The word “hero” often conjures up the image of someone in a spandex costume with a cape who swoops in to save the day. In the context of an IT project, it may be someone who is called in to assist or take over the reins due to resource restrictions or some other purpose.
All is well and good if the person turns out to be a real deal and is able to guide the project back even though “all the roads that lead us there are winding, and all the lights that light the way are blinding” (thanks to Oasis).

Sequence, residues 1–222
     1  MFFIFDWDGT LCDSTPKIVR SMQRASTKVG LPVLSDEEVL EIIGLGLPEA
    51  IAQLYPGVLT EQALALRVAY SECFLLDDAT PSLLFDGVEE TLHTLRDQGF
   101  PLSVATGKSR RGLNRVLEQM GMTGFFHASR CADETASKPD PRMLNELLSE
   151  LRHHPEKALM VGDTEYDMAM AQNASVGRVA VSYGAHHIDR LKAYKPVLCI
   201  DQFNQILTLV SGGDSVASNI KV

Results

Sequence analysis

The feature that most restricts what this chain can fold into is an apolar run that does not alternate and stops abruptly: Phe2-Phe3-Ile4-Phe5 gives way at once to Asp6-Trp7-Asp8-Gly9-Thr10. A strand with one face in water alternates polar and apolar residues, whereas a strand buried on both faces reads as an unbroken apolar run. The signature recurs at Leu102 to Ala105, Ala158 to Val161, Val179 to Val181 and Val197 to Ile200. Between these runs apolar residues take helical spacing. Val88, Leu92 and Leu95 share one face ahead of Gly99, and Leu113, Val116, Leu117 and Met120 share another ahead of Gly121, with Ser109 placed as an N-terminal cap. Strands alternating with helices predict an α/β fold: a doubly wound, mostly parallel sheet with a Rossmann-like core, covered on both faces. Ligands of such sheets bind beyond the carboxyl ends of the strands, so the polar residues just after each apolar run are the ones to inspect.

But of course, there are also self-proclaimed “heroes” who somehow manage to blunder their way to a project conclusion and then spare no effort in trumpeting their “achievements” while all the other members in the project team know that little credit (if any) was due to the person. To use a football analogy, sometimes Manchester United can be playing so well that you can even put your grandma in the first team and they’ll still win the match comfortably. Sufferers of such “heroes” should take comfort that luck, smoke and mirrors can only carry the “hero” so far. The truth will reveal itself sooner rather than later.